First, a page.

L.A. Music Blog: [That Metal Show] hit record numbers with the Season 12 premiere. What do you attribute to the show getting such high viewership this season?
Eddie: I think that mainly it was because people were missing the show so much. We were off the air for the longest period of time without new episodes before these new shows started a few weeks ago, and I think that played a big part in it. You know the old saying that absence makes the heart grow fonder? I think that’s what it was. Even though the show was still on countless times as repeats, I think people started to get really frustrated because there were no new shows.
If it was up to me, we’d be doing them every night, but it’s not. It’s up to the network, and they control the budgets and they control those decisions. So unfortunately we don’t do these shows nearly as often as I wish that we would. We [also] have a whole new set and a relaunch of the show that I think a lot of people were curious about. And Jason Newsted was a great first guest. He’s a guy that hasn’t been on TV in a long time, and I think he was a great way to reintroduce the show, too.
L.A. Music Blog: After reflecting back on 100 episodes, is there any single interview or show that sticks out as your favorite or most memorable?
Eddie: There’s certainly a few. I think one of the greatest shows we ever had was Brian Johnson of ACDC because, needless to say, he’s the singer in one of the biggest bands in the world, but he also is just a great guy. No B.S. about him — what you see is what you get.
Sammy Hagar and Michael Anthony are a couple guys who are always a blast to do interviews with. I love the real people. And what I mean by that is I love artists that don’t come with this certain air about them, that don’t come with their guard up, that say “Don’t talk to me about this” or “Stay away from this.” They want to come, they get the spirit of the show, they want to mix it up and have some fun with you, and they’re not so hypersensitive that you can’t say this or say that.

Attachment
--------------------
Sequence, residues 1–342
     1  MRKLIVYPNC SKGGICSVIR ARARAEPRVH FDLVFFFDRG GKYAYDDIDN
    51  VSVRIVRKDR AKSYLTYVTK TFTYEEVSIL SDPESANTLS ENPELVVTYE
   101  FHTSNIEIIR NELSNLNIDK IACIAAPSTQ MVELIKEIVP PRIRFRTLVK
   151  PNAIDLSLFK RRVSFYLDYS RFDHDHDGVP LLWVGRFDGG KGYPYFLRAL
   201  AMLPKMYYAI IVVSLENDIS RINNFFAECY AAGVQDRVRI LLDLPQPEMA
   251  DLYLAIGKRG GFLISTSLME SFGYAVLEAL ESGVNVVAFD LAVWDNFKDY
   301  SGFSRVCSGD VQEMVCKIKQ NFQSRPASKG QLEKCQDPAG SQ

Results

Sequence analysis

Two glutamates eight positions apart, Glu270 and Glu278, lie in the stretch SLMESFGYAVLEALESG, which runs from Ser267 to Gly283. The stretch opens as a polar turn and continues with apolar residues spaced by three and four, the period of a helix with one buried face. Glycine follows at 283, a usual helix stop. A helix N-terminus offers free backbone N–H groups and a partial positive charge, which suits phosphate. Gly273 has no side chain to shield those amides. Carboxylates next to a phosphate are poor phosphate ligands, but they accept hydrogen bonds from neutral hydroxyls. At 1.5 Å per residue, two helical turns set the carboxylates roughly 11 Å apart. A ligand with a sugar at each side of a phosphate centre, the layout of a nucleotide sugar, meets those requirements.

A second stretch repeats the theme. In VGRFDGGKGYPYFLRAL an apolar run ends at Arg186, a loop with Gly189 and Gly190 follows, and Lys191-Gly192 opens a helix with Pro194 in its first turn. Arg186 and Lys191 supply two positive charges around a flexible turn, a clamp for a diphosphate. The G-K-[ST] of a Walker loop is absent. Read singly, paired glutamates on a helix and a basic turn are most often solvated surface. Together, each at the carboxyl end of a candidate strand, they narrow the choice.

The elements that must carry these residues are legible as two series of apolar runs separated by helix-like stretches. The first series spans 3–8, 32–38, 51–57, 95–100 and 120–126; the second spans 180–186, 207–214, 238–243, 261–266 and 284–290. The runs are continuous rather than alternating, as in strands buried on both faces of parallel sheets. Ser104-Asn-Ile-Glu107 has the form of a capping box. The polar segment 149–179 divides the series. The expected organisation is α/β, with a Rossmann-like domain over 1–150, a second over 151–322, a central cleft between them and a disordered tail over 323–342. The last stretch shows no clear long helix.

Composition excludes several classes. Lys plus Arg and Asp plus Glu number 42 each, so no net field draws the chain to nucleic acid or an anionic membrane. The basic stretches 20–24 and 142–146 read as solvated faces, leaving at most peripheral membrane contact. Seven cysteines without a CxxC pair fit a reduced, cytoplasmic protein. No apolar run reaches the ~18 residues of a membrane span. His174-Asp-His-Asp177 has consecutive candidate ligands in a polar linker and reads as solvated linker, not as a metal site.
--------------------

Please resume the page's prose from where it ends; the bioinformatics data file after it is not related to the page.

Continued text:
Rob Halford is always great. The late Ronnie James Dio, of course, who was one of my great friends, was always great as well. Lars Ulrich is always great. The other big stuff that comes to mind immediately is Steve Harris, who had eluded me for a long time, and we finally got on. The icons of the genre that we deal with. I mean, any time you’re sitting next to them and you’re lucky enough to have them on the show, it’s really special.
L.A. Music Blog:” I know that you’re all about the classics. Do you also pay attention to the new, more up-and-coming bands in the genre?
Eddie: I’ll tell you what — I do, actually. And there’s a number of bands that I really like that are new bands. I think that what people sometimes forget is that our show is on VH1 Classic. Sometimes people overlook the second word in that: classic. The entire network is based on classic artists and classic music — that’s exactly what it’s built on. You wouldn’t go to ESPN Classic or a classic rock station to hear new bands, so we can’t feature that much new stuff on the show, but that doesn’t mean that any of us don’t like new music.
If anyone has ever listened to my radio show over the 30 years I’ve done it, new music is an incredibly important part of what I do. That being said, in the show, we have many ways that we feature new bands. As a matter of fact, in this new season we have Ben from the Dillinger Escape Plan on, and we’ve got Johan from Amon Amarth on. We’re doing this new feature called Metal Modem” where we’re incorporating them in, so we find our ways to talk about, when and where we can, new music. But we also have to be conscious that we work for a network called VH1 Classic, and at the end of the day, most people want to see the icons of the world.
There are plenty of new bands that I like, and if you watch the show we find many ways to at least get these bands mentioned, even if it’s just wearing their t-shirt. It’s funny when I hear people say, “Why don’t you have obscure bands on?” And my answer to that is obscure doesn’t exactly equal TV ratings. Obscure is not something a TV executive wants to hear. It has to be a balancing act. But there’s new stuff that I like. There’s this band out of Canada called Monster Truck, and I like this band out of LA that I first mentioned on the show two years ago called Rival Sons.
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